They think they’ve seen it all at Leeds United – really seen it all – but when was the last time they heard their manager make a pop at British justice?
Long story short: Sam Allardyce (because he is) wants longtime lieutenant Sammy Lee on his team now that he has the job at Leeds. Lee is involved in jury service, so Allardyce can’t have him. Lee is 64, the criminal justice system is big enough but Allardyce thinks the judge who won’t release him has ‘left him unemployed’, notwithstanding Leeds is a four game, one gig for three year assignment and a half weeks. Allardyce is not too diplomatic. “I think that’s a really, really bad judgment,” he said.
It’s 12 minutes into Allardyce’s press conference, its first after agreeing to fight the fire that Leeds conspired to start in its own home. Even before he reaches Lee, the experience feels like Allardyce’s greatest hits, like a man who’s never been away or changed one iota in the time he’s had. passed out of football.
If you forgot him or his memory was fuzzy, then you remember him now, that thick-skinned confidence to speak his mind and not care how it reads. Soon he’ll tell us he’s as good as Pep Guardiola, and he’s not kidding.
He knows what he’s doing, though, as he’s been in the game for decades and has a lot of practice working with the media. Inevitably, questions shift to Allardyce’s character, the caricature that depresses him – fairly or unfairly, choose your side – as a 68-year-old who is not what modern football wants to see when it comes look in the mirror. Fashions have changed, the game has evolved and it is never lost on Allardyce that we speak of him in these terms, as one of the men of yesterday.
“Too many people think I’m old and archaic, which is so far from the truth,” he insists. “I may be 68 and look old, but there is no one ahead of me in terms of football. Not Pep, not Klopp, not Arteta. Everything is there with me. In terms of knowledge and depth of knowledge, I’m up there with them. I’m not saying I’m better than them, but certainly as good as them.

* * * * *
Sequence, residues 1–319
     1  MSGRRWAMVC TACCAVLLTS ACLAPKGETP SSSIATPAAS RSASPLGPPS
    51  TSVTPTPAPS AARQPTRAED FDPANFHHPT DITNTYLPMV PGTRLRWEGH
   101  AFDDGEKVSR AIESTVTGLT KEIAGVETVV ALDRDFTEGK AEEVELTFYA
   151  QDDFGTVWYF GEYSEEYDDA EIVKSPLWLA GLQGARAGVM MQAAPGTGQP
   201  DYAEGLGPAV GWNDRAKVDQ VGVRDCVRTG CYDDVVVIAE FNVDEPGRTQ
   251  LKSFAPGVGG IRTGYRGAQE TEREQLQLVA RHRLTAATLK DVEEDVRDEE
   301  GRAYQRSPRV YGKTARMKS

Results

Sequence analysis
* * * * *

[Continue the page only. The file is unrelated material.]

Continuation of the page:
It’s Sam Allardycio’s benchmark, the feeling he always had that a sexier exterior would get him sexier jobs. “Here, I gave you a title,” he jokes, and not by chance. Suddenly, Allardyce-on-a-pair-with-Pep gives the rest of a club – players, board members – a day off to appear there.
He loves representing the old guard and he’s throwing a little dig at Crystal Palace supporters who grew weary of Roy Hodgson a few years ago, only to see him return in an interim role this season and immediately put their relegation fears to bed . . And that’s Allardyce’s take on Leeds, albeit with much higher levels of urgency and far less wiggle room.
He thinks he can make a difference against a team that is 17th, with 30 points, and has four games to play. He believes he can tighten them up at the back and remarked that while Leeds aren’t bad on the ball “there’s a huge problem with possession”. And you know he’ll start there, although his remark that a 2% improvement from every player would equate to a 22% improvement on the pitch isn’t strictly mathematically accurate.
It is clear that he will pay particular attention to who in the team is facing the pressure, which is fragile – the balance of trust levels. But he doesn’t sound like he thinks he definitely has it. “It’s just too early to tell,” he said. “All I can do is hope for the right reaction.”